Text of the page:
Recently while visiting the sick I spent some time in a section of the hospital for dementia patients waiting to be transferred to a nursing home. It is one of my favorite sections to visit. On this particular day, a group of nurses were gathered around talking to one patient with a heavy British accent, while I began to chat with an older man from Iran, using my newly downloaded google translate. Suddenly, the British lady leans over, looks at me and says “Father, do you realize how much damage your Church has done over the centuries?” Why she referred to me as “Father” is uncertain—for I was not wearing any kind of clerical attire. But I said to her: “I certainly do”. She immediately replied: “Well, I’m glad to hear you agree with me on that one”.

I was immediately reminded of the time my priest friend asked me to speak to his RCIA group on Church history. I said I would, but that I’d have to prepare, which I did, over the Christmas holidays of that year, doing my best to include the most important aspects of that history. But I did eventually ask him: “Father, are you sure you want me to do this? There’s a lot of sin in our history; there’s no hiding it. I’m afraid I might scare someone away from becoming a Catholic”. But he insisted.

Studying Church history can make a person dizzy, because of how often we find ourselves shaking our heads at the sin and stupidity that we find therein. And of course, things have changed, but in some ways they have not—we’ve all heard the old adage: the more things change, the more they stay the same. Since ordination to the diaconate, I’ve been shaking my head more than I did prior to that, because I see more than I otherwise would have seen—bad behavior from clerics who should know better; nothing criminal, mind you, but rather profound immaturity, clerical envy and jealousy, inordinate need for control, a sense of self-importance, stubbornness, condescension, audacity, and an inability to engage in healthy conflict resolution, etc. I’ve always said to my students that Catholicism is not about us, it is about the Person of Christ. Unfortunately, not every cleric really believes this, at least not on a practical level.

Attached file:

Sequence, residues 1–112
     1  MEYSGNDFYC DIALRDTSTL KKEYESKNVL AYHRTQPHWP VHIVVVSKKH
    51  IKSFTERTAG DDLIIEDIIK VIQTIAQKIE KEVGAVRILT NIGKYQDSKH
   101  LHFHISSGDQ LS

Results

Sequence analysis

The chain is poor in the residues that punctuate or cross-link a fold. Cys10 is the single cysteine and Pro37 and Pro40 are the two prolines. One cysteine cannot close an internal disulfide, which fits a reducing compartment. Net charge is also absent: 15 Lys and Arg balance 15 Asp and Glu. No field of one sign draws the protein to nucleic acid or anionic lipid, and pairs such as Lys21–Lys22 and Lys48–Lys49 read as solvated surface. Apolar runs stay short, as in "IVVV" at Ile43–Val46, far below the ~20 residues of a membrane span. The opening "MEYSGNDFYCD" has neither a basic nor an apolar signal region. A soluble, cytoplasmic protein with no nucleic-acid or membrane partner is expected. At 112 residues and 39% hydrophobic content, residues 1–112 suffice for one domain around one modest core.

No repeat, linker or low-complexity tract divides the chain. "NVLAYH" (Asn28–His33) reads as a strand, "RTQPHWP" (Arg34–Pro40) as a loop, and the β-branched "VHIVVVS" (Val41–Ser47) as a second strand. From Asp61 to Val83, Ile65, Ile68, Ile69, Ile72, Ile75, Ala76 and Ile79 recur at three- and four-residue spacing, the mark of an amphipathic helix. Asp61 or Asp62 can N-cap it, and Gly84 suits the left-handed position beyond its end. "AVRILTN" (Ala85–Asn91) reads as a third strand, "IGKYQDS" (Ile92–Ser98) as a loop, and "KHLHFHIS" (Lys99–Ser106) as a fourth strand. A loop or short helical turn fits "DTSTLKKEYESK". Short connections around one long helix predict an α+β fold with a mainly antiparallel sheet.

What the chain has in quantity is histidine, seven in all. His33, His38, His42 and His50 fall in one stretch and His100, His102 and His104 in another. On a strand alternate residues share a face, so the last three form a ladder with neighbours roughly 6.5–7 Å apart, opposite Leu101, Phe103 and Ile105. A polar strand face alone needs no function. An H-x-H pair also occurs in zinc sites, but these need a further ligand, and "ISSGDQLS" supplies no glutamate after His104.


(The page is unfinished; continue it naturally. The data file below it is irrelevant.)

There is no doubt in my mind that things have improved tremendously since the 1950s and 60s, but I’ve been reading Med Kissinger’s While You Were Out: An Intimate Family Portrait of Mental Illness in an Era of Silence, which also gives us a peek here and there into the Church of the early 60s, and there is a great deal in this book that has me wondering once again what factors account for some of the behavior that drove so many people away from the Church. She writes: